With cryptocurrencies becoming increasingly popular with investors and financial institutions alike, governments are scrambling to regulate the activity to safeguard their citizens.
This appears to be the case in Egypt, where it was announced on Tuesday that the Central Bank of Egypt (CBE) would institute new banking laws that would ban any company from creating, promoting, or operating any platform where issuing or trading digital currencies would occur unless they received the necessary licenses from the government.
The law has not officially passed, but the draft of the legislation gives the CBE Board of Directors the ability to govern all regulations and transactions related to these types of currencies, including determining who would be authorized to perform these kinds of transactions.
This new draft appears to be in line with the number of new laws that are being created in an attempt to keep pace with the ever-evolving financial technologies sweeping across the financial sector. It gives the CBE greater authority to provide for legal authority for electronic authentication of these kinds of crypto transactions, to include payments, orders, and transfers.
In essence, the new laws would give the CBE much of the same authority they are authorized to use in relation to fiat currencies. This is an attempt to help facilitate greater protection for financial institutions and users by ensuring that companies have the legal authority to conduct cryptocurrency transactions within the country.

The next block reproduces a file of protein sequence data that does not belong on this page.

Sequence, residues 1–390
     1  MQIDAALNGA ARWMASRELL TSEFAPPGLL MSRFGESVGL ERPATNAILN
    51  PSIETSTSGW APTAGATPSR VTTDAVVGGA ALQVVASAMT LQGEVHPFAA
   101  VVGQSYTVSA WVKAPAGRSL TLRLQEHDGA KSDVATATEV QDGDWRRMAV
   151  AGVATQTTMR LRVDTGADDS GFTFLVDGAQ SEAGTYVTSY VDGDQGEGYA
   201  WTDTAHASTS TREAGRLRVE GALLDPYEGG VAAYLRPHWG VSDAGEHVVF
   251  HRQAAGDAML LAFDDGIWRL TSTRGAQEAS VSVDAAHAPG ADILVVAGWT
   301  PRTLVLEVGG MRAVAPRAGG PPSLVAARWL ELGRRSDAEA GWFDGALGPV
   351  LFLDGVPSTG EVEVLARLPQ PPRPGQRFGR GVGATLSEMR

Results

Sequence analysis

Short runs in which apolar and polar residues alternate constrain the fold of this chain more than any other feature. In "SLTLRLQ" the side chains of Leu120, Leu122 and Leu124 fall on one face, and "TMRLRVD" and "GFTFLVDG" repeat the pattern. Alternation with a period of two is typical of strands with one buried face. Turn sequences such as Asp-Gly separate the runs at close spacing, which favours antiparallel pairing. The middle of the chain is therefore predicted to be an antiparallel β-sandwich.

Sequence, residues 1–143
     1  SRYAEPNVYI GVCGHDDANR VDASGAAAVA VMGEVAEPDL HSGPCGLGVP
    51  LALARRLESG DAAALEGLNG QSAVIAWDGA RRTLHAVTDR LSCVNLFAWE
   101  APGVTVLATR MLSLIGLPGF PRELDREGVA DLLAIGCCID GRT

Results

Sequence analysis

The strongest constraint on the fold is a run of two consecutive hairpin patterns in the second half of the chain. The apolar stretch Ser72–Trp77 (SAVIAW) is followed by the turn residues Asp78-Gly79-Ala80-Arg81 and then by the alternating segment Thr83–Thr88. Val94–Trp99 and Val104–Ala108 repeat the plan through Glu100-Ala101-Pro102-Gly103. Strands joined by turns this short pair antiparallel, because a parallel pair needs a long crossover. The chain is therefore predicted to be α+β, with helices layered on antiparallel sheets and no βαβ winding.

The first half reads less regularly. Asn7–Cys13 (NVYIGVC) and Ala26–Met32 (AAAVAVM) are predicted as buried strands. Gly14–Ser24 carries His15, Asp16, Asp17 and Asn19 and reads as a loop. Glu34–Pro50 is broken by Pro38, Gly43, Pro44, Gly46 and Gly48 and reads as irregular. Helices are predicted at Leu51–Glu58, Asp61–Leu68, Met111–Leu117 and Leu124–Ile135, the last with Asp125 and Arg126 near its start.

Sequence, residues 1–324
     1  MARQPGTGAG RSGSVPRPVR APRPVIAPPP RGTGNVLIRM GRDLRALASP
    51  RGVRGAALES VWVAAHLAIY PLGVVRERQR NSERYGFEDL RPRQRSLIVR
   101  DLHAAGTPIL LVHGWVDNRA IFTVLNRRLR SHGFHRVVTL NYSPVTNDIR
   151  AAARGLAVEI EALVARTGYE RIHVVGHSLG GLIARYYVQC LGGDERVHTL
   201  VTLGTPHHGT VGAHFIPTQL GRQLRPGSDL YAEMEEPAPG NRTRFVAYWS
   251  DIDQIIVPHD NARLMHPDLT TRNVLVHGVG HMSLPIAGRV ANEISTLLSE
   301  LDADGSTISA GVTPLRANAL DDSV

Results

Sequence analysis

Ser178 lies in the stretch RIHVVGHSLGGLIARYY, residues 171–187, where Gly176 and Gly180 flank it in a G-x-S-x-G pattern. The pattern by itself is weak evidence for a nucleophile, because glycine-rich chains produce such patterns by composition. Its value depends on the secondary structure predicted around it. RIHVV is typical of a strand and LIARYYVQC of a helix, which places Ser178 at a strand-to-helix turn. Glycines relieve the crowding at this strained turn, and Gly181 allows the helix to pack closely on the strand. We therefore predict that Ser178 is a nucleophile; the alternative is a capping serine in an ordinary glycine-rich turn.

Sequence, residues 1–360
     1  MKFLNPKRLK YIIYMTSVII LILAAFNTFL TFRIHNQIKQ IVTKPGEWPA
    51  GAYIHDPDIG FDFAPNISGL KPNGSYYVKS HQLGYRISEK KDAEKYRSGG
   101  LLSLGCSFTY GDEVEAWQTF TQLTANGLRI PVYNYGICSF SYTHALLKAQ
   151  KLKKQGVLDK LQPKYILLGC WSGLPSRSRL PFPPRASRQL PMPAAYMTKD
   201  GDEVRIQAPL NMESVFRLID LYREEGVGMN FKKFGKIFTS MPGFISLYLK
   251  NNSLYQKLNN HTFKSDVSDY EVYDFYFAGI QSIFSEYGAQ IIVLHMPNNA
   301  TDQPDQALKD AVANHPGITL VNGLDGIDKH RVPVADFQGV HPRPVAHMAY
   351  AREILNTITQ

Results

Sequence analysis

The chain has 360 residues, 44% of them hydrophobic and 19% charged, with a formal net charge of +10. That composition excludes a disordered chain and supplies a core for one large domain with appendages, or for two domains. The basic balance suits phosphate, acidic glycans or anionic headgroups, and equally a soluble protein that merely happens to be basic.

They aren’t the only country taking a proactive approach to regulating crypto trading. In July of last year, the Philippines made available 25 crypto licenses for companies involved in the Cagayan Special Economic Zone, where 10 crypto startup companies are currently located. The licensure fee was set at $100,000 and required companies to invest $1 million over a two-year period of time.
In October, Gibraltar offered their first crypto exchange licensure, this to Coinfloor. This licensure would allow Coinfloor to be regulated as a distributed ledger technology.
This last January, Thailand began offering licenses for crypto exchanges. This came as part of an announcement from the country’s Securities and Exchange Commission, which granted four licenses to companies looking to operate exchanges within the country.
With an ever-growing number of scammers attempting to defraud users of their crypto assets, this action by the government of Egypt would ensure that those who are claiming to be businesses that can facilitate these kinds of transactions are actually legitimate.
The new draft bill is still working its way through the Egyptian legal process. No definitive date has been set as to when the law will likely be passed or enacted.
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